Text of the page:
‘Bel-Air’ Brings The Fresh Prince Back To His Throne In This Amazing Remake – Review
What started off as a mock trailer developed by director, producer and writer Morgan Cooper turned into the Peacock original Bel-Air, once the project got into the hands of Will Smith himself. Audiences can return to watch a kid from West Philly navigate the lux life of Los Angeles’ Bel-Air neighborhood. To breathe new life into the character of Smith’s namesake is newcomer Jabari Banks. Joining him in this reimagining is Adrian Holmes, Cassandra Freeman, Coco Jones, Olly Sholotan, Akira Akbar, Jimmy Akingbola, Jordan L. Jones and Simone Joy Jones.
If you know the original show’s iconic theme song, then you’re aware that this is a story all about how Will’s life got flipped-turned upside down. But for those not aware, Will is a charismatic, confident, and intelligent high school student and star athlete in his native West Philadelphia. After a run-in with local drug dealers goes wrong, he’s sent to live with his Aunt Viv (Freeman) and Uncle Phil (Holmes).
There, he reconnects with them, their children, Hilary (Jones), Carlton (Sholotan), and Ashley (Akbar), meets their house manager Geoffrey (Akingbola), and finds friends in Jazz (Jones) and Lisa (Jones). In West Philly, he’s a prince, but in Bel-Air, he’ll have to start over, as he struggles to build a new home and make a new name for himself behind the golden gates of Bel-Air.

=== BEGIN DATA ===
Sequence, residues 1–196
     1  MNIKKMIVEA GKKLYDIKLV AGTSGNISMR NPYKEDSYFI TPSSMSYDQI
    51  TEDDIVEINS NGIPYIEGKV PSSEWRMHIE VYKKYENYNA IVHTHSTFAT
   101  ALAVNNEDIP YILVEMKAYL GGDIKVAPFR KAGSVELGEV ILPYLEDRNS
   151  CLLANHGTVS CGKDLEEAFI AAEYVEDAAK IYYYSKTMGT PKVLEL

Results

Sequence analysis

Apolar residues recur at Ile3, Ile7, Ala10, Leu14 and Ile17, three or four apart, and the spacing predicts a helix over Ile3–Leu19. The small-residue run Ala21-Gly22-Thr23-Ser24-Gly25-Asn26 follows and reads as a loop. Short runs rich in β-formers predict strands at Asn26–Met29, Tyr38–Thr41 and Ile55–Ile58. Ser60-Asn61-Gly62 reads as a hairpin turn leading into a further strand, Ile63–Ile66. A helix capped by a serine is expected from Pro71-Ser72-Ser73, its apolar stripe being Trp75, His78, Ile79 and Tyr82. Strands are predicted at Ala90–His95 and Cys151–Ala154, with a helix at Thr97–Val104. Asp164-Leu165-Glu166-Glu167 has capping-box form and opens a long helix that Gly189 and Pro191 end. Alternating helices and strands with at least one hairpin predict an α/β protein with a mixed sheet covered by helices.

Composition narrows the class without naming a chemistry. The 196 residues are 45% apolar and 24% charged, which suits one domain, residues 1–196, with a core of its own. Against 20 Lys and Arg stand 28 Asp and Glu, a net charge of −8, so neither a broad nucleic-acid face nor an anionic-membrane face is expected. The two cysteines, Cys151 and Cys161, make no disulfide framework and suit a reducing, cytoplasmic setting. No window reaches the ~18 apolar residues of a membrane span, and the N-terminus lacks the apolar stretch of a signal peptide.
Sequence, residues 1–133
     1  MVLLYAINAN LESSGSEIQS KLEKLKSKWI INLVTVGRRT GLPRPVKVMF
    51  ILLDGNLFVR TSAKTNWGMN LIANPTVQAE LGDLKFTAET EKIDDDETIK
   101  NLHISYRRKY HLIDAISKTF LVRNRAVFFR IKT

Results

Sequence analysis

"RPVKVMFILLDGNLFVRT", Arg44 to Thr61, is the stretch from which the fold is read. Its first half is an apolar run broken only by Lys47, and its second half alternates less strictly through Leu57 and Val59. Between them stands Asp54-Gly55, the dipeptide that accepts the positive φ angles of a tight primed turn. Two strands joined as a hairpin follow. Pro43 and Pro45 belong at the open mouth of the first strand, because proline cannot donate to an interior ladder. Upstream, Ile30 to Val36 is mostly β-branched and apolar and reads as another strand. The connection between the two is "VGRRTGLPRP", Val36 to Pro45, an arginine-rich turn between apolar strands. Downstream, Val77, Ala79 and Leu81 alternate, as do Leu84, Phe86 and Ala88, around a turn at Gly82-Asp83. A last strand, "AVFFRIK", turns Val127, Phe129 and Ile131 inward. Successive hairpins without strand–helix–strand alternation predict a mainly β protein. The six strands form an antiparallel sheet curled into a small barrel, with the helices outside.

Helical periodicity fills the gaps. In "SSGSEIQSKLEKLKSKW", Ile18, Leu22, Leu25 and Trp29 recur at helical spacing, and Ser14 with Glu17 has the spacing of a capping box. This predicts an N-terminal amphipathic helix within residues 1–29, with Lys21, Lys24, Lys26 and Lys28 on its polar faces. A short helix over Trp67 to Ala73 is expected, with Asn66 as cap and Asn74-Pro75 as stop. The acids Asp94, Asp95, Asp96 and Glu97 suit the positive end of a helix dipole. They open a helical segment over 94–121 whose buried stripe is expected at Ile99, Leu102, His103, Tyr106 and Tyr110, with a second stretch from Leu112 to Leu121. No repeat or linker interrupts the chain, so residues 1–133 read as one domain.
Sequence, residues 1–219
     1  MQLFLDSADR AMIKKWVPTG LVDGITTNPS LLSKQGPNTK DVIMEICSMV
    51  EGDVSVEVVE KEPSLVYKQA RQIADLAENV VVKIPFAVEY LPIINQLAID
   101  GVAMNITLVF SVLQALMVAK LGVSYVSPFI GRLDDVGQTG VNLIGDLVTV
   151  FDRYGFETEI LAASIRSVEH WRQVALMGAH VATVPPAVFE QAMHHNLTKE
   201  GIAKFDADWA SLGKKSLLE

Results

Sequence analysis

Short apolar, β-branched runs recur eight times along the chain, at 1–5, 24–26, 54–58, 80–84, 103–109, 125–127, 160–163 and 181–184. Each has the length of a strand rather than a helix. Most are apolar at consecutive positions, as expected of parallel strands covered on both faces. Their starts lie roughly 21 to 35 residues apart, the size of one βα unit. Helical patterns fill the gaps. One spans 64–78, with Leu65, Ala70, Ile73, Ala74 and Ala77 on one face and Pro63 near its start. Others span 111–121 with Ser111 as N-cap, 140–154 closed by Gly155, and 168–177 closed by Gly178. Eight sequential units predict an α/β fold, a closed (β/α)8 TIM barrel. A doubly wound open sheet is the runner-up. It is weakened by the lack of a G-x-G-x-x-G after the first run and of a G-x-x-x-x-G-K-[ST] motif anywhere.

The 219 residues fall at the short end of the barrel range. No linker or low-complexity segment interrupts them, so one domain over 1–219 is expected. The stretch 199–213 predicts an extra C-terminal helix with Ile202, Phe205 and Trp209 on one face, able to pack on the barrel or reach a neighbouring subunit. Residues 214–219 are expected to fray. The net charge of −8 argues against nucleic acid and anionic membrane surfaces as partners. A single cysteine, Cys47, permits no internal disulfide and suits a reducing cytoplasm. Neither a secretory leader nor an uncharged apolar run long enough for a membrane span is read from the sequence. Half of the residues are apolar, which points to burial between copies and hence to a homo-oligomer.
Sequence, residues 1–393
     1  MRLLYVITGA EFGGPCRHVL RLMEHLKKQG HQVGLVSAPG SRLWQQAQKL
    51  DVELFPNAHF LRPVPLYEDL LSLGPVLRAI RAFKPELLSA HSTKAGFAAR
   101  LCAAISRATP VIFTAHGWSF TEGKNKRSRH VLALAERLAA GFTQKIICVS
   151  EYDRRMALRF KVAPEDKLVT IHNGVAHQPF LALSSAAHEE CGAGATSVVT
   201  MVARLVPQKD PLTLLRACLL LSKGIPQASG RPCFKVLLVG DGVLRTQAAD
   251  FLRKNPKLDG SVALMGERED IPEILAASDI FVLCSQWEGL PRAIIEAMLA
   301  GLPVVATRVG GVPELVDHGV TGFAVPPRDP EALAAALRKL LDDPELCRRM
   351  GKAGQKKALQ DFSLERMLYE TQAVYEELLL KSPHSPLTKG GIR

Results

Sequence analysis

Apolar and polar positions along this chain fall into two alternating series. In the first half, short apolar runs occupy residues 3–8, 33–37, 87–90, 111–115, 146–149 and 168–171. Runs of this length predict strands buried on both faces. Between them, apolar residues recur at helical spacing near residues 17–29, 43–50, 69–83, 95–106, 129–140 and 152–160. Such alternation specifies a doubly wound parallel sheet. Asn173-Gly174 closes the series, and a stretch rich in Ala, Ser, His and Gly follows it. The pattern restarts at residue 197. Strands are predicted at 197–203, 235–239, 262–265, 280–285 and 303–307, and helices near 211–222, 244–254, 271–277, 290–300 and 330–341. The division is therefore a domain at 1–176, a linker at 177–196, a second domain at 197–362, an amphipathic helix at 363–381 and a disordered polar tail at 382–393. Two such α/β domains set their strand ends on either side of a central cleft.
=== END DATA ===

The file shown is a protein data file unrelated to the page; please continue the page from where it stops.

Bel-Air’s predecessor, The Fresh Prince of Bel-Air, was a sitcom beloved by many. For six years, the show gave us a front row seat to watch Will Smith’s charisma resonate on-screen, while he and the Banks family, navigate their class differences in comedic ways. It propelled Smith into a household name and was a vehicle for his small and big screen endeavors. Now, over 30 years after the original show ended, a reimagining of this sitcom has arrived and Jabari Banks is ready to continue the legacy Smith created.
As Bel-Air is a reimagining, it doesn’t try to be what The Fresh Prince was. Instead, it shines bright in a medium where remakes tend to be solely for nostalgia’s sake and lack substance to stand on their own. Bel-Air pays homage to the famed sitcom in a variety of ways, from characters, to imagery, and even dialogue, that is sure to make the original cast members proud and bring an added flair of nostalgia to those familiar with the original series.
Speaking of cast members, the ensemble brings a strong well-roundedness to their respective characters that highlights how dynamic Black culture is. The charisma of Banks’ Will and Jones’ Hilary resonate largely on-screen and the pair are simply a joy to watch. Additionally, Banks brings plenty of emotional strength and confidence to a role that was largely a comedic one in its precursor. What’s also interesting is how the show provides nuanced takes on Black parenting and family, with Freeman’s Aunt Viv and Holmes’ Uncle Phil as a vehicle for this.
The sitcom handled serious topics, while wrapped in comedy. But since Bel-Air is a drama, it tackles topics of race, privilege and class head on. Sometimes it leans heavily into this, but like many dramatic remakes, it walks a delicate line between promoting Black joy and the realities of being Black in the U.S.
Thankfully, the show knows what it’s meant to do and embodies various sides of the Black experience that aren’t regularly featured on TV. Viewers will see all of this unfold as each character’s narrative stitches together a story on wealth, social standing and Black family dynamics.
This show sits comfortably at the intersection of nostalgia, drama and Blackness. Out of the remakes that continue to flood your streaming networks, Bel-Air is the one you should be watching. A new fresh prince has arrived and you’ll thoroughly enjoy watching him secure his throne.